Scams targeting people on the registry are becoming more and more prevalent. Because of the wealth of personal information publicly available through the online registry and the abundance of confusing requirements, persons on the registry are easy targets for scams. It’s very easy for the scammer to get enough details about the target to sound authentic and convincing. It’s also very plausible for the target to believe that they unknowingly ran afoul of some law – we are all a bit paranoid because of the registry.

There are two common scams we hear about. In both someone pretending to be from the local sheriff’s office calls the registrant and claims there’s a warrant for their arrest. Usually they demand money, paid through a stored value card (like a prepaid card bought at a convenience store) or for the person to meet them at a specific location (where they are robbed or assaulted).

This morning we received the following from a member:

I just had a call from a Deputy Davis saying there are two warrants out for my arrest for not showing up in front of a magistrate this morning. The guy said I had a registered letter sent to me October 1st and I never received one. He then proceeded to tell me I would have to pay $1000 bond at a kiosk that the sheriffs office has. This would keep me from going to jail tonight and they would reschedule the hearing. I thought this sounded kind of funny and asked for the address of the kiosk. He proceeded to give me the address, which I knew where it was. It is a Sunoco gas station. I told him that and I said I’ll call you right back. I called the sheriffs office and told them my situation. They said this guy has been targeting sex offenders and they are working on tracking him down.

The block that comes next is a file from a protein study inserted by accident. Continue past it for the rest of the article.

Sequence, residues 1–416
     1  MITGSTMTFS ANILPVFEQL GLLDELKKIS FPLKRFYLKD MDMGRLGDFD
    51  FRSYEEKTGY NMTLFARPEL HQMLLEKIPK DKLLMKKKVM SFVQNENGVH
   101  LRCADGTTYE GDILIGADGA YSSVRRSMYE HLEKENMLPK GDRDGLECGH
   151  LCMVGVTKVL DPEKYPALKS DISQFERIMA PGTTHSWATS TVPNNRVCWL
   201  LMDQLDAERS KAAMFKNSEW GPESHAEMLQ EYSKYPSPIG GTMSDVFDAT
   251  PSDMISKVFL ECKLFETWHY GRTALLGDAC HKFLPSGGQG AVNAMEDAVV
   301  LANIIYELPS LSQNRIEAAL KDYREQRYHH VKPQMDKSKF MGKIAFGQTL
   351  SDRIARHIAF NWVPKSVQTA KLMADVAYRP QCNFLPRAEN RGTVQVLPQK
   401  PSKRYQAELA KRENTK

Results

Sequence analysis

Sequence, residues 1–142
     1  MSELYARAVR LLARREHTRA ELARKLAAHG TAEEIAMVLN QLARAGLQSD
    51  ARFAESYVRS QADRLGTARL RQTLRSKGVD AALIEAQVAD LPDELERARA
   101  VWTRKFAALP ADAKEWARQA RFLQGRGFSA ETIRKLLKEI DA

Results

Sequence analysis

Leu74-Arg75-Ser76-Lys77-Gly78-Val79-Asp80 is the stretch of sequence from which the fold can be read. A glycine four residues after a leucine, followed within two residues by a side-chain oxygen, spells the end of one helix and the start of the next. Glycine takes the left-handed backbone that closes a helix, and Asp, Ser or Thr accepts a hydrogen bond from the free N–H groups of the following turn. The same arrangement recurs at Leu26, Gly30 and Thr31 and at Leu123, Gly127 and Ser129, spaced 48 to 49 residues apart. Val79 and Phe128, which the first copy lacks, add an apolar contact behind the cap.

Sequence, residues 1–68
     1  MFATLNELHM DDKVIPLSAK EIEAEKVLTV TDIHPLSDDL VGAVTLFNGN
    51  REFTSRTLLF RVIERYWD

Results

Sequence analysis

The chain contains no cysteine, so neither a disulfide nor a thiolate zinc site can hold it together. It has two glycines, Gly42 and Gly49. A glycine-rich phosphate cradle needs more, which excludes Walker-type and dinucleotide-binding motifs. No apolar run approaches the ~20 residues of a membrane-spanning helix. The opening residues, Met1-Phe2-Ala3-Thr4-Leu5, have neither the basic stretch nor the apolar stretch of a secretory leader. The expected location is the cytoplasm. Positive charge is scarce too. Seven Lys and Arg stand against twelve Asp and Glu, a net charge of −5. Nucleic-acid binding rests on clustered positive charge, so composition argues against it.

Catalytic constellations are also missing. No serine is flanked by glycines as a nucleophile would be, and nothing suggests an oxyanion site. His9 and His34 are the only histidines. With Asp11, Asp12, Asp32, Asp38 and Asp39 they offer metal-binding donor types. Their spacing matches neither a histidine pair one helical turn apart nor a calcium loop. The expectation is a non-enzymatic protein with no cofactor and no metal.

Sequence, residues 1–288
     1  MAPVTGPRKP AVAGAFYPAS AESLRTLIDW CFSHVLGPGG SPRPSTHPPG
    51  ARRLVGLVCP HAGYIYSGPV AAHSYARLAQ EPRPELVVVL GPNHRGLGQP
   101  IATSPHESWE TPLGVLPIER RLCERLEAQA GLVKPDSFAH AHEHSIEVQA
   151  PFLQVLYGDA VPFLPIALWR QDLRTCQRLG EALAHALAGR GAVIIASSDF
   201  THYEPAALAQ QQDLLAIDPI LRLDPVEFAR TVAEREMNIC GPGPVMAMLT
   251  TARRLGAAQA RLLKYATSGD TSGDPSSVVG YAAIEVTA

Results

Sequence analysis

You might want to let your members know about it. The name comes up on caller ID as Joel Frey LMT. The number has no area code but is 355-7212. I returned the call using the 321 area code and he left an extension number of 701.

Earlier this month another member got a call from 954-284-1300, the person said he was “Major Steve Johnson from the Broward Sheriff’s Office, Sex Offender Registration Unit” and attempted to scam him.

Here’s what you need to know and do:

  1. As scary and stressful as these calls are to receive, recognize they are a scam.
  2. As for their name, a phone number where you can call them back and then dump the call. The scammers might insist you stay on the phone or they will come and arrest you or threaten you in some other way – take heart in knowing this is a widely known scam and not how law enforcement operates when executing a warrant.
  3. Call your County’s registration office (not the number the caller gave you, but the number on this list) and tell them what happened. They will confirm it’s a scam.
  4. Call your local (city) police department and tell them you want to file a police report. This is important – we want to catch the scammers and put an end to the victimization. If enough people file complaints they may actually do something to investigate this scam.
  5. Let us know so that we can share this information with others. Many potential victims contact us to let us know they were targeted but thanks to the information disseminated on our site, they were hip to the scam and didn’t fall victim.


The post READ THIS: DON’T BE SCAMMED appeared first on Florida Action Committee.

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